Refix: Studio musings, releases and an exclusive mix
Genuine, heart-felt dubstep from the heart of a North Kent Downs farm is what the savvy trio that make up the Refix outfit are bringing to the next TB feature. Read up about their rural-based studio musings, latest releases and find an exclusive mix from the boys.
How did you guys meet up and get into music?
Ben: Basically, I moved in next to Joe when I was about 20 and always had a musical background separate from what Joe was doing. Then one day, I went over to his house – because I knew he had a studio – and we just started making beats for fun at first. Then it got a bit more serious and we started Refix. After a few years of just me and Joe, now Matt’s on board as well. We spend most of our time down at Matt’s studio working down in the lovely countryside. It’s nice being in the countryside and not in London.
Joe: It’s in the North Kent Downs. Kind of in the middle of nowhere really. You couldn’t get any more middle of nowhere if you tried. The studio’s in a stable; put it that way.
Does that lack of distractions help you guys when it comes to making music then?
Joe: When you’re in the middle of London, everyone just seems really stressed and everything’s so fast. Its just calm out there and there’s no distractions.
Ben: I think the main thing for us is that there are no distractions to go off and do something or we can’t just go off and pop to the shops. We have to just come with our packed lunch every day and we’re stuck there for the whole day.
Joe: Also, with all the space, you don’t fall out as much. 2 guys working in a small space all day can get a bit graining to be honest with you.
You’ve got your latest release ‘Minimally Conscious’ which is out now with Alice Grace. How did that collaboration come about?
Joe: Well, we always work in a similar way. We hooked up and just started writing the hook, and this one was actually quite quick because all the decent stuff that we write comes quickly. We have the philosophy that you cant polish a turd so if something doesn’t work really quickly then we close the session and start again. We wanted to find a singer and Alice just seemed to come out of nowhere; we got her in the studio and she just smashed it. She was really easy to work with and she’s so keen and very talented. Think she’s fresh out of music college as well. We cut another track and we’ve got another release coming out later in the year, which is a bit heavier. Retrospectively, we prefer that one. We do like ‘Minimally Conscious’ but from working with her we just think that she’s getting better and better. You know, when you first start working with someone you’re just feeling each other out and trying to work out how far you can push each other. Also, the singer needs to get comfortable with you and whether you actually like each other.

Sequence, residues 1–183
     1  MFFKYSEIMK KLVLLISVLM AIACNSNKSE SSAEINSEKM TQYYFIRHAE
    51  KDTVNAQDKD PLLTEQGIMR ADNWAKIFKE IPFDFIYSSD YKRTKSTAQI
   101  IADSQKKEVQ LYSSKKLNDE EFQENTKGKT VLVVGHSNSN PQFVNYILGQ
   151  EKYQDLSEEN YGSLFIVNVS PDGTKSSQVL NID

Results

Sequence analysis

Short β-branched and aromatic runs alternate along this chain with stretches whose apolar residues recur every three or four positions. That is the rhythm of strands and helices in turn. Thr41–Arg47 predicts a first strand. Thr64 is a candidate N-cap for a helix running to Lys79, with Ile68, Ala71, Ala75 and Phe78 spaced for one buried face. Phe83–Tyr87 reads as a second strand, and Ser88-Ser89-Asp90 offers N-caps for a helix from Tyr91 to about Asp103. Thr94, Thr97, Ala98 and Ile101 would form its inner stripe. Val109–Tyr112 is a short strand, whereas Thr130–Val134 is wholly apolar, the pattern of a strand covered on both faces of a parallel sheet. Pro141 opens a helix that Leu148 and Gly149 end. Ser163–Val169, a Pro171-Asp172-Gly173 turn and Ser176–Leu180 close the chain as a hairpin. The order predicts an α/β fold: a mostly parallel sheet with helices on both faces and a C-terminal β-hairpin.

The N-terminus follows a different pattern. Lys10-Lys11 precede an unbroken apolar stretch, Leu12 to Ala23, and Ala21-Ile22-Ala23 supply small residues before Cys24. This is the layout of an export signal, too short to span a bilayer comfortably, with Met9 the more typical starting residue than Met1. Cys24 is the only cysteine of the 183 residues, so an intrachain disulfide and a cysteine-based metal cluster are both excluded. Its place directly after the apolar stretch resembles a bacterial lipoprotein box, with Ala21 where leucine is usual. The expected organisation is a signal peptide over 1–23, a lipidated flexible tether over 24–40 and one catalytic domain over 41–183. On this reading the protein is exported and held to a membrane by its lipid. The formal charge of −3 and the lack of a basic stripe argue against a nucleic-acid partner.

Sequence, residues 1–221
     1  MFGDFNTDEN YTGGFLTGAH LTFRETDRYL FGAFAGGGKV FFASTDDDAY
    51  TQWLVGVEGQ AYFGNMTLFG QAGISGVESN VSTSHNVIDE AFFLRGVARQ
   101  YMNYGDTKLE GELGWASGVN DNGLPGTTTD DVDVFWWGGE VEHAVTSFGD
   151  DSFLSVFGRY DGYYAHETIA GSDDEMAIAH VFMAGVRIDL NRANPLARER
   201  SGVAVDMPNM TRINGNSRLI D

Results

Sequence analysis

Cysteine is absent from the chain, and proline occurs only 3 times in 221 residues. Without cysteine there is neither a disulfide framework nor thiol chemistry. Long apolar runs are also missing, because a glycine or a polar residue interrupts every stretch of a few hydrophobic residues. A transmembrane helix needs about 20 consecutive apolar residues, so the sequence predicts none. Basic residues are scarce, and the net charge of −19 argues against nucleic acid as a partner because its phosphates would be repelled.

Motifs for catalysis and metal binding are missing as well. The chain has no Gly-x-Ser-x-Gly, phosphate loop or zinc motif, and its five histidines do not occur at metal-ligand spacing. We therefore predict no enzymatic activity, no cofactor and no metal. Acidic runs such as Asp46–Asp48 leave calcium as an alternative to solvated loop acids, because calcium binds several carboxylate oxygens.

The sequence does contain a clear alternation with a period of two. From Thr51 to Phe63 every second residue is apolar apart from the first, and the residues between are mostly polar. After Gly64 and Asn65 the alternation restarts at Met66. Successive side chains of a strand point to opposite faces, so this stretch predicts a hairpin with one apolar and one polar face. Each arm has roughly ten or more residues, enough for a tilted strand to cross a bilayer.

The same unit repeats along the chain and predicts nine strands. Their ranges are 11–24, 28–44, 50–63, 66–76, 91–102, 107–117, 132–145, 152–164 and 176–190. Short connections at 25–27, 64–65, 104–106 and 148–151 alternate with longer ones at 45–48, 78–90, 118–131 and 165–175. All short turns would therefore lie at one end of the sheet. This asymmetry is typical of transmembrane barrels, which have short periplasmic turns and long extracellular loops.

What do you have to say about the direction of dubstep and bass music as a whole right now?
Joe: It’s weird because dubstep started off as this new genre, which has now got loads of vibes coming into it. You’ve got the house vibes, drum and bass vibes and its split at the minute with the epic Nero and Skrillex sort of vibe and the underlying, dubby vibe as well. But, it’s still working together nicely.
Ben: Yeah, I’m trying to work it out because we’ve tried to go down one or two different routes. Sometimes we go with stuff that is really hard and banging for the dance floor but we also try to do stuff that you listen to whilst sitting at home as well. We both feel that we want to take it harder, but keep it musical because I think that’s the main problem for me, when it just becomes noise. I get it and sometimes I like it, but if it’s hard and filthy, I still want it to have some kind of musical context otherwise its just industrial techno or something. I don’t know how long they can keep up that scene before it becomes a little bit too much. We talk about the future of bass music; drum and bass did that with jump up and it got ridiculous and really nasty and you have to ask yourself where is that kind of drum and bass now.
Otherwise though, I personally see bass music at the forefront of music as a whole. There’s always a dubstep tune in the Top 20 these days and obviously after Nero hit #1, (DJ) Fresh hit #1 and Chase & Status getting up there all the time. It’s the biggest type of music at the moment, for sure. It’s given Simon Cowell a run for his money; it’s just a bunch of kids that are just sitting in their studios doing their own thing and that’s real cool. If the tracks are good, then they’ll rise to the surface.
So what have you guys got coming up?
Joe: Well, there’s the ‘Minimally Conscious’ release out, then there’s the surviving one coming out in November. Ton a free downloads that we’re looking to give away and we’re working on a secret remix, which will be coming out around December time. That’s what I’m most excited about right now actually. Then obviously, there’s the live stuff and more sets. The more bookings we get, the merrier.
Carnival Kids – Go Bang (Refix remix)
Jack Stat – Acid Step (Afghan Headspin remix)
Buraka Som Sistema – Hangover (BaBaBa) (Caspa remix)
16 Bit – Boston Cream
Exponaut – E621
Caspa – Sir Rock Alot
Nero – Crush On You
Dark Elixir – Headslung
Refix – Shine (instrumental)
SebastiAn – C.T.F.O. (Nero remix)
Ajapai – Blast
Mord Fustang – The Electric Dream (Charlie Darker remix)
Refix ft. Taji – Soldier
Dismantle & Hizzleguy – Kung Fu Style
Dismantle – Computation
Redlight – Source 16
Crushington & Optimus Gryme – Hangman
Refix ft. Alice Grace – Surviving
Deekline & Ed Solo – Paella (Dodge & Fuski remix)
High Rankin – Lift Me Up
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